The NFL and NFL Players Association will resume their negotiations towards a new collective bargaining agreement on Monday after taking the weekend off, according to ESPN.
The sides were using this weekend to assess their positions, before resuming talks in front of a federal mediator Monday — and then they will have until the end of Friday to reach a new CBA, thanks to two extensions of the old deal. It originally was to have expired last Thursday.
The league and players association reached an agreement to extend the current CBA by 24 hours on Thursday night and then extended it once again on Friday, this time for one week.
While the move to extend the negotiating window doesn’t guarantee a deal will be reached, it is a positive sign that both sides are open to discussion.
According to the report from ESPN, the main problem holding up a new deal is focused around money.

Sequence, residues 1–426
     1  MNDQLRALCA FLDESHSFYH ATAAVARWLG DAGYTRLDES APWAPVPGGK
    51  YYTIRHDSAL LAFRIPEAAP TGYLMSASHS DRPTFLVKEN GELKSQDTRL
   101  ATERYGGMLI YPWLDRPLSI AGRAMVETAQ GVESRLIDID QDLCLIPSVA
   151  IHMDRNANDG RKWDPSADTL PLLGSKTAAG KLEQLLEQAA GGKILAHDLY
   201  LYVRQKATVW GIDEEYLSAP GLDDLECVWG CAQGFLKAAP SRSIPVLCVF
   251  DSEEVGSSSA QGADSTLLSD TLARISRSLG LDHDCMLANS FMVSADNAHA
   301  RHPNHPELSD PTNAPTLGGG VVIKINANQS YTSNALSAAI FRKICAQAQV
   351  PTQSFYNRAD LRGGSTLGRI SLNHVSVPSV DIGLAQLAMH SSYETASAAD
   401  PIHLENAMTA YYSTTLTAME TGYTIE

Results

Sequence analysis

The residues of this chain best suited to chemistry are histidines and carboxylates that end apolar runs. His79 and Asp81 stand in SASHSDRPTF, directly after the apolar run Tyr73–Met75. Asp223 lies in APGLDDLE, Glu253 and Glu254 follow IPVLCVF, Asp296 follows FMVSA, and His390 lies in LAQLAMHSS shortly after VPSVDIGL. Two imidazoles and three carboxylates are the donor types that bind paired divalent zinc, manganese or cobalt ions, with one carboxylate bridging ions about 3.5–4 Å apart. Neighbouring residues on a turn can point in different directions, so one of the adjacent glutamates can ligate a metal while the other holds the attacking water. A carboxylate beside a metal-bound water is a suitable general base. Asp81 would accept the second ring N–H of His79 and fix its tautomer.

Money, not surprisingly, is what is at the center of the standoff.
In addition to the owners’ proposal Thursday, the union also has made concessions in the latest negotiations, sources on both sides told ESPN senior NFL analyst Chris Mortensen. The details of those concessions are unknown.
Earlier Friday, sources familiar with the process told ESPN NFL Insider Adam Schefter that the sides narrowed the financial gap between them by roughly $5 million per team per year. Nevertheless, a significant divide exists — roughly $25 million per team per year. With 32 teams in the league, the gap equates to $750 million to $800 million per year.